The Taj Mahal is considered as the most famous and iconic structure in India. This grand marvel built with white marble is among the Seven Wonders of the World and its grandeur is appreciated by people all over the globe. Delhi is the largest city near Agra and the two cities along with Jaipur form the famous golden triangle of tourism. Hiring Delhi to Agra taxi is the most convenient way to travel. While most people know the common facts associated with Taj Mahal, the structure has such rich history that it has many more fascinating facts.
Let’s look at few of them:
Cost and Time of completion: The construction of the Taj Mahal started in 1632, one year after the death of Shah Jahan’s wife Mumtaz. It took almost 22 years to complete this splendid piece of architecture. If we calculate the estimated cost of construction in terms of today’s money, it will come out to be more than 1 billion dollars.
Brilliant Architecture: Taj Mahal is among the world’s most symmetrical structures. It is built using the principles of self replication and geometrical symmetry; its four sides are perfectly identical. To keep the male tomb bigger than the female tomb, the two tombs inside are not equal in size.
Resources utilised: More than 20000 people were deployed in building the Taj Mahal which included labourers, painters, stone cutters and many others. It is believed that more than 1000 elephants were used to transport the materials required for construction.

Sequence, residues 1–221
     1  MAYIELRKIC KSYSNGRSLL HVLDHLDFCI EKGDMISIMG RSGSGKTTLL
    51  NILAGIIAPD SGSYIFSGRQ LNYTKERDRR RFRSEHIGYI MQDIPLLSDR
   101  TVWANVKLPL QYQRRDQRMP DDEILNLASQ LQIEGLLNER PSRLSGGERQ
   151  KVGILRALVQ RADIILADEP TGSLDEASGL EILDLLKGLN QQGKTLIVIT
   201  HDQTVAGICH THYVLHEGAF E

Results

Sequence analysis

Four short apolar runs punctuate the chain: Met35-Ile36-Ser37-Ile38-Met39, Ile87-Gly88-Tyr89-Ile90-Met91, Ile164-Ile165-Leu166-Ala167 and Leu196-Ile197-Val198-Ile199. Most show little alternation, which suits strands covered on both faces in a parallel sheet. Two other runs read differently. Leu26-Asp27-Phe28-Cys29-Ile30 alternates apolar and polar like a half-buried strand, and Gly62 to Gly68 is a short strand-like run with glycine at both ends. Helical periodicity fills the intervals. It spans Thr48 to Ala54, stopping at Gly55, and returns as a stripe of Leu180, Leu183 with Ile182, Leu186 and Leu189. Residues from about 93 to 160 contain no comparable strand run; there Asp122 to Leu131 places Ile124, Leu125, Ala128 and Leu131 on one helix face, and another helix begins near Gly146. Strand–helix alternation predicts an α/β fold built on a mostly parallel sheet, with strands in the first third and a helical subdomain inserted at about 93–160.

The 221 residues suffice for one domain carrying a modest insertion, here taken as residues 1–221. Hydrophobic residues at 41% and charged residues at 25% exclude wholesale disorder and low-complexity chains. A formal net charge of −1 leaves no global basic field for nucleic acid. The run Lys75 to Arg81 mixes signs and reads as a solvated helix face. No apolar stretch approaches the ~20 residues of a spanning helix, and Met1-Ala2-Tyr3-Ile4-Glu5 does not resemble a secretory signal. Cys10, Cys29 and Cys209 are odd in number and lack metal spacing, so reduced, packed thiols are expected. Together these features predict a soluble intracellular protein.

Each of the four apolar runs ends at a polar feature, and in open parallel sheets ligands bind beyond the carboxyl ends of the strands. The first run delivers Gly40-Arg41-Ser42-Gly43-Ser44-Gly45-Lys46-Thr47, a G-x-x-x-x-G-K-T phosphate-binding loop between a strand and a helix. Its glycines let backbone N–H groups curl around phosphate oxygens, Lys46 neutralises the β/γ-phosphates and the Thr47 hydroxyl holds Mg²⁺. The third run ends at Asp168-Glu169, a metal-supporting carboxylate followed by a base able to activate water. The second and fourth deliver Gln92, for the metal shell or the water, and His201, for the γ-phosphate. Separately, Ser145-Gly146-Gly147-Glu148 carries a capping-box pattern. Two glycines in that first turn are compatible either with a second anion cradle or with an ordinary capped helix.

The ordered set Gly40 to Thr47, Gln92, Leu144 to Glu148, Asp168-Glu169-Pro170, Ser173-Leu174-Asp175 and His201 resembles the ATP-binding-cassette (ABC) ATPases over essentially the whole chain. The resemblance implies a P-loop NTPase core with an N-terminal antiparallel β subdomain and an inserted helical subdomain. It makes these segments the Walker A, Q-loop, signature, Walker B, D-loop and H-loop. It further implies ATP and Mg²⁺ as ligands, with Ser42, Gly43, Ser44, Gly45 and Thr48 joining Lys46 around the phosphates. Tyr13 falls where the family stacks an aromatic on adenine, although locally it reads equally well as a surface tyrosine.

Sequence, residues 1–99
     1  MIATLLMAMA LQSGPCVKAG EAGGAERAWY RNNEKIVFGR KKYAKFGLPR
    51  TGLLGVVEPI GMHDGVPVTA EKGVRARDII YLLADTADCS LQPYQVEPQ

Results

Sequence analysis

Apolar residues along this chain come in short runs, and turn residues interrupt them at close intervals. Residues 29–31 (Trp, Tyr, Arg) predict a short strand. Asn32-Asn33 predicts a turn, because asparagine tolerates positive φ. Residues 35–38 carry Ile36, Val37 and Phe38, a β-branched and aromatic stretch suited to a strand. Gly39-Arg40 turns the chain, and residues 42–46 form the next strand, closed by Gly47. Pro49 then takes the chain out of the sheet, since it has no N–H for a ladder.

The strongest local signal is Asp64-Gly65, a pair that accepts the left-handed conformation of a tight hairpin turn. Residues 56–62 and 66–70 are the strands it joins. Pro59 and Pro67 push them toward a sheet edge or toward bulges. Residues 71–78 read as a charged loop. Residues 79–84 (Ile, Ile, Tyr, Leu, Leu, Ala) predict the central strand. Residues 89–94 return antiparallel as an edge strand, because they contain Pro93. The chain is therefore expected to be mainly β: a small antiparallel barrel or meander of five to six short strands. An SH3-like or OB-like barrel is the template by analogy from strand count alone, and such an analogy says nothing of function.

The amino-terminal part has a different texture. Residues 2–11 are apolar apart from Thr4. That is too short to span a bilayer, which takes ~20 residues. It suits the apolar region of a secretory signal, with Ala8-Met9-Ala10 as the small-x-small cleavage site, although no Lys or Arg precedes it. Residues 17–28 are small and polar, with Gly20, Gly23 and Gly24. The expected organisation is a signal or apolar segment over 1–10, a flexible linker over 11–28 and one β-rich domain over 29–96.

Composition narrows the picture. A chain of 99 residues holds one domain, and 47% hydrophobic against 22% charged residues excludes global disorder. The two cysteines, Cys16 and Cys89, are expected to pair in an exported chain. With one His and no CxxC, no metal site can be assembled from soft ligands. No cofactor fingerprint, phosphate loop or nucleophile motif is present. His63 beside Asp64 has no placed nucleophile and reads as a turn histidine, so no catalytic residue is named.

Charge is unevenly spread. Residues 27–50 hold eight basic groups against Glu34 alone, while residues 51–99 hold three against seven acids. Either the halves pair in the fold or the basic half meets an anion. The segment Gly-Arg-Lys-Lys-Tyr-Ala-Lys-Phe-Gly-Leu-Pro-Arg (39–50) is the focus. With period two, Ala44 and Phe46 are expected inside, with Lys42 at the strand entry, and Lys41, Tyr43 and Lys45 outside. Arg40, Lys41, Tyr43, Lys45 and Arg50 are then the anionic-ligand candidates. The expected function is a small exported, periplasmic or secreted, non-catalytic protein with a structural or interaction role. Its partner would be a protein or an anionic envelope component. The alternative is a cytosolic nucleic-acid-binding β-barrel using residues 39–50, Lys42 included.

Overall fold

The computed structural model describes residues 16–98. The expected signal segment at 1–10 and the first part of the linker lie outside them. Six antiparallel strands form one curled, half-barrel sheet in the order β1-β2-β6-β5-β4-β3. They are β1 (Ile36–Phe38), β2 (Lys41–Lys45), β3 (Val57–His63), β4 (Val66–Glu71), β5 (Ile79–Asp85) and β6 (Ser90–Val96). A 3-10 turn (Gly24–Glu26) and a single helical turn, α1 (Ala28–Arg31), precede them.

Marble: Emperor Shah Jahan arranged marbles of the best quality from Rajasthan, Afghanistan, Tibet and China. On top of that more than 28 different types of precious stones were inlaid into the marble.
Colors of Taj Mahal: Taj Mahal exhibits different colors at different times of the day. The white marble and the reflective tiles make the Taj Mahal change colors. During early morning, it gives a look of pinkish hue, which slowly turns to a glowing white as the day progresses, and finally turns light golden at night in the moonlight. The Taj Mahal looks splendid on full moon nights. It is believed that the architecture of changing colors was kept so that it is analogous to the moods of Mumtaz Mahal.
Positive effect of Yamuna River: Taj Mahal’s foundation is made of timber which is not expected to be long lasting. The wood gets weakened over a period and can collapse due to rot. But fortunately the wood remains strong because it retains its moisture from Yamuna river’s water.
Fountains: All fountains of Taj Mahal have uniform water pressure. To ensure this, the fountain pipes are not connected directly to the copper pipes which feed them. Alternatively, a copper container is provided under each fountain pipe so that the water fills the container first and then rises at the exact same time in the fountains.
Vehicle prohibition: Cars, buses and trucks are strictly prohibited to enter the premises and are stopped before 500 meters of the Taj Mahal. This is done to ensure that exhaust from the vehicles doesn’t tarnish the marble and exterior of the structure.
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